Women’s Basketball: UConn escapes Cincinnati with win


Senior Napheesa Collier joined the exclusive 2,000 points and 1,000 rebound club at UConn during the team’s narrow 65-55 victory at Cincinnati. Photo by Charlotte Lao/The Daily Campus

Sunday afternoon’s game for UConn women’s basketball had three different phases — the good, the bad and the ugly. Coming off a loss to No.3 Louisville, the team seemed uncharacteristically out of sync against Cincinnati.

The last time the Huskies lost back-to-back games was 1993, but at certain points of this game, it seemed as if it was possible. The Bearcats were constantly putting pressure on UConn by forcing turnovers and making it difficult for the Huskies to take clean shot attempts. After the team lost to Louisville, Geno Auriemma said the team has a long way to go before March.

“We got a lot of things missing if you are talking about a national championship team,” UConn head coach Geno Auriemma said after his team lost to Louisville Thursday night. “There’s a lot of things missing on our team that maybe we can fix. Some years you can and some years you just can’t fix them. We got about a month to figure it out.”

The last time UConn (19-2, 8-0 AAC) played Cincinnati (14-8, 6-3 AAC), the Huskies thrashed them 82-38 in Gampel Pavilion. This time the Huskies won 65-55, improving the team’s all-time record in the AAC to 109-0. It seemed as if this go around, the team was waiting for something to click, but it never did. This was the quintessential grind-it-out game where you are glad you got the win, but even more happy to return home.

Let’s start off with the good that came out of the sluggish matchup. Senior Napheesa Collier reached the exclusive 2,000 point mark to go along with 1,000 rebounds, which she reached against Louisville. She is only the fifth Husky to reach both marks, Maya Moore, Tina Charles, Breanna Stewart and Rebecca Lobo are the other four.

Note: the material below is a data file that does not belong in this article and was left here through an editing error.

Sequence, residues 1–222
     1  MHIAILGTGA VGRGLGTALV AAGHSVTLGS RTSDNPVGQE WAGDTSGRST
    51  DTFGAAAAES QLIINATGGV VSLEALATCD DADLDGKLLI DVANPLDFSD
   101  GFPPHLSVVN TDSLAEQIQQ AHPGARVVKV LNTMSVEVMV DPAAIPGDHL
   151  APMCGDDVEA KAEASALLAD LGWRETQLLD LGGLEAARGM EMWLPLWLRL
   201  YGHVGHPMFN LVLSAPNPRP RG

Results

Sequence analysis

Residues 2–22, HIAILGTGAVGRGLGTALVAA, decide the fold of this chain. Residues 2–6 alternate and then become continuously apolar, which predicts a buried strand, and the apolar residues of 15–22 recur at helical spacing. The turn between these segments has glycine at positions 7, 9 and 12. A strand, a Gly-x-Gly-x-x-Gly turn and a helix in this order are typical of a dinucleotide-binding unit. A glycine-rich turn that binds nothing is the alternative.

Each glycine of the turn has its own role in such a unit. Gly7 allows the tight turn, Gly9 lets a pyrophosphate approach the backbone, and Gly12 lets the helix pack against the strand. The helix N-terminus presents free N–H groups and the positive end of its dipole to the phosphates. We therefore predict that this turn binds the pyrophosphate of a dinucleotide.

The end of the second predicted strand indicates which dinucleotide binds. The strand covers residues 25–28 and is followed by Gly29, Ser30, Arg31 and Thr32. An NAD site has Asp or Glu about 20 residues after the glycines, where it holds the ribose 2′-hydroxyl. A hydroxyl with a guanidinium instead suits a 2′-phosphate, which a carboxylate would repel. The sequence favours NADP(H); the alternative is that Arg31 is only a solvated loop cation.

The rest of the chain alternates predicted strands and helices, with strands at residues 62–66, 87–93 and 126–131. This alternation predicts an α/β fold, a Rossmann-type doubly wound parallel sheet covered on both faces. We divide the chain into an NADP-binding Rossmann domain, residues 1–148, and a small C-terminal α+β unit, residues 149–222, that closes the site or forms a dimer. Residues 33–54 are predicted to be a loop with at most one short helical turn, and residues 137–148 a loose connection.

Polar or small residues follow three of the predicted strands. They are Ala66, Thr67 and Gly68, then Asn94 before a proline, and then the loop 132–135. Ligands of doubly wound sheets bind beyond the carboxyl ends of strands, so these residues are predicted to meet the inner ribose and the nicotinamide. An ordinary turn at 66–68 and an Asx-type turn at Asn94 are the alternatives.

Collier led the Huskies with 20 points and 11 rebounds, which was her 35th career double-double. She was able to dominate in the paint, utilizing her refined euro-step, pump fakes and savvy foot-work, which has evolved since she first came to Storrs. As a team, UConn scored 30 points in the paint, which could be where the Huskies look to attack since they are struggling from 3-point land.

Which brings me to the ugly. The Huskies were only able to hit two shots from deep out of 15 attempts. The last time the Huskies only made two 3-pointers came against its tight game against Oklahoma on Dec. 19. Samuelson failed to hit a 3-pointer for the third time this season. Despite averaging a career-high 6.9 rebounds per game this season, her shooting numbers are uncharacteristically low. Other players on the team must step up to ease the pressure placed upon Samuelson this season.

Megan Walker has played better as of late, especially when it comes to rebounding. She showed that against the Bearcats by rebounding the ball 11 times. But she shot a low percentage, 3-for-11 from the field. She took plenty of high-percentage shots that just did not fall. It was one of those games for her. However, she did end up scoring 10 points, which was her third career double-double.

Crystal Dangerfield played another fine game for the Huskies, scoring 17 points and dishing five assists. But where she gave UConn momentum was with her four steals that translated into easy transition buckets. In a game where the Huskies only hit nearly 40 percent of its shots, they needed their defense to spark some offense. The one blemish in Dangerfield’s game was her four turnovers, which was the most since the second game of the season on Nov. 17 against Vanderbilt when she also had four.

“We have some growing up to do,” Dangerfield told SNY’s Justine Ward of what the team learned on this road trip. “We have a lot to work on and we just have to make sure that we are all on the same page. There are times where we get off track and we have to make sure that we’re all together out there.”

Michael Logan is the sports editor for The Daily Campus. He can be reached via email at michael.logan@uconn.edu.

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